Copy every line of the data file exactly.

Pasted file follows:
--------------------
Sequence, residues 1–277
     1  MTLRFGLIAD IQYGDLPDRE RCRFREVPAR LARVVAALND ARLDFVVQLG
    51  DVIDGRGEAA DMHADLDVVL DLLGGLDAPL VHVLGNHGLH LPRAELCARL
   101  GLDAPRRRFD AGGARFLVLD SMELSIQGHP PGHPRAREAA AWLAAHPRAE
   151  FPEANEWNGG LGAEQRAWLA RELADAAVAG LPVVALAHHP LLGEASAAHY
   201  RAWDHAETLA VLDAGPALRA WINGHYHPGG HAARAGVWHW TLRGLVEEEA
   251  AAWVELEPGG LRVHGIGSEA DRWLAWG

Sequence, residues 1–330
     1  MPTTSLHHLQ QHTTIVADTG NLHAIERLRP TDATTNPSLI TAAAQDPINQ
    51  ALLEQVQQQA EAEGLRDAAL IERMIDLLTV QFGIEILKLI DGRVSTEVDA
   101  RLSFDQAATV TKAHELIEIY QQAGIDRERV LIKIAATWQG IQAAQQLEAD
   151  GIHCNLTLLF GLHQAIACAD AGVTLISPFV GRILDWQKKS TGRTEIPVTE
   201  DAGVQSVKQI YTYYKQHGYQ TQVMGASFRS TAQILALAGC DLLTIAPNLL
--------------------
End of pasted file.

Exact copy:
Sequence, residues 1–277
     1  MTLRFGLIAD IQYGDLPDRE RCRFREVPAR LARVVAALND ARLDFVVQLG
    51  DVIDGRGEAA DMHADLDVVL DLLGGLDAPL VHVLGNHGLH LPRAELCARL
   101  GLDAPRRRFD AGGARFLVLD SMELSIQGHP PGHPRAREAA AWLAAHPRAE
   151  FPEANEWNGG LGAEQRAWLA RELADAAVAG LPVVALAHHP LLGEASAAHY
   201  RAWDHAETLA VLDAGPALRA WINGHYHPGG HAARAGVWHW TLRGLVEEEA
   251  AAWVELEPGG LRVHGIGSEA DRWLAWG

Sequence, residues 1–330
     1  MPTTSLHHLQ QHTTIVADTG NLHAIERLRP TDATTNPSLI TAAAQDPINQ
    51  ALLEQVQQQA EAEGLRDAAL IERMIDLLTV QFGIEILKLI DGRVSTEVDA
   101  RLSFDQAATV TKAHELIEIY QQAGIDRERV LIKIAATWQG IQAAQQLEAD
   151  GIHCNLTLLF GLHQAIACAD AGVTLISPFV GRILDWQKKS TGRTEIPVTE
   201  DAGVQSVKQI YTYYKQHGYQ TQVMGASFRS TAQILALAGC DLLTIAPNLL